Jon Katzenbach, Chad Gomes, Carolyn Black

Feelings are messengers of needs. Meeting needs unlocks positive feelings and energy; neglecting needs does the opposite. By integrating business objectives with meeting people’s needs, companies can make sure the strong wind of a positive emotional force is at their back. Emotions and feelings bring our needs — human requirements for survival — to our attention and strongly move us toward meeting them. 


Our feelings … [ Read more ]

Eric Hoffer

An autonomous existence is heavily burdened and beset with fears, and can be endured only when bolstered by confidence and self-esteem. The individual’s most vital need is to prove his worth, and this usually means an insatiable hunger for action.

Eric Hoffer

Where self-advancement cannot, or is not allowed to, serve as a driving force, other sources of enthusiasm have to be found if momentous changes, such as the awakening and renovation of a stagnant society or radical reforms in the character and pattern of life of a community, are to be realized and perpetuated.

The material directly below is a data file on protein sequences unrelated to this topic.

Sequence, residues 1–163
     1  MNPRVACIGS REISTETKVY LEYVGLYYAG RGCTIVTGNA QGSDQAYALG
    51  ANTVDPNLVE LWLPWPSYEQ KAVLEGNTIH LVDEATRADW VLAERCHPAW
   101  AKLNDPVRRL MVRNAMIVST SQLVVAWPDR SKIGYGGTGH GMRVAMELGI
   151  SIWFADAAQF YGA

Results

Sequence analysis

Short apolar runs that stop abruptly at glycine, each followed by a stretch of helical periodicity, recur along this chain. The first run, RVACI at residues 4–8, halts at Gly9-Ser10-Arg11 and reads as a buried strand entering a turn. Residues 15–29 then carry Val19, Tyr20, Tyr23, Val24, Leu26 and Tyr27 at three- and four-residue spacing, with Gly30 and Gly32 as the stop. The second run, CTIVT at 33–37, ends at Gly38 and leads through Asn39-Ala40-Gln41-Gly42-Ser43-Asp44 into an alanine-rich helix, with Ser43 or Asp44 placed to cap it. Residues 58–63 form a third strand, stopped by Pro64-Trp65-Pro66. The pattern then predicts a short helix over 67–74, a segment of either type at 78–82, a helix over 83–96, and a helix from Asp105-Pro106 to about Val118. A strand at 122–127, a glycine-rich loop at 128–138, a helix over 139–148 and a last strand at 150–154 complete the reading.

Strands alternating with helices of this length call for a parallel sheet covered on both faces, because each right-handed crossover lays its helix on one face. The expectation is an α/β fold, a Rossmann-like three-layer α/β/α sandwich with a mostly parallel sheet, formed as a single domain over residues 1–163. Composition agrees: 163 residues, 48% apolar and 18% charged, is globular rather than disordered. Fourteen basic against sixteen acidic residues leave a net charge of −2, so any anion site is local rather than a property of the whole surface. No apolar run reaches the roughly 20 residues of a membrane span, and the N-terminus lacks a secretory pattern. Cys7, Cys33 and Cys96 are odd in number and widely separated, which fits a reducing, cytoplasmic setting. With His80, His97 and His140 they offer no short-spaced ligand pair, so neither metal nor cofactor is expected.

Chris Holmberg

Coaching is about looking beyond solving short-term problems and instead training people to uncover their own self-limiting mental habits, because only then is true, long-term transformation possible.

Sally Helgesen, Tomas Chamorro-Premuzic

Business scholar Tomas Chamorro-Premuzic demonstrates, women’s confidence almost always aligns with their level of competence — or falls below it — which is not usually the case with men, especially at leadership levels. This is true primarily because the number of overconfident men tends to be relatively high. And overconfidence, and the assertiveness it engenders, can be extremely helpful to someone pursuing a senior position, … [ Read more ]

Susan David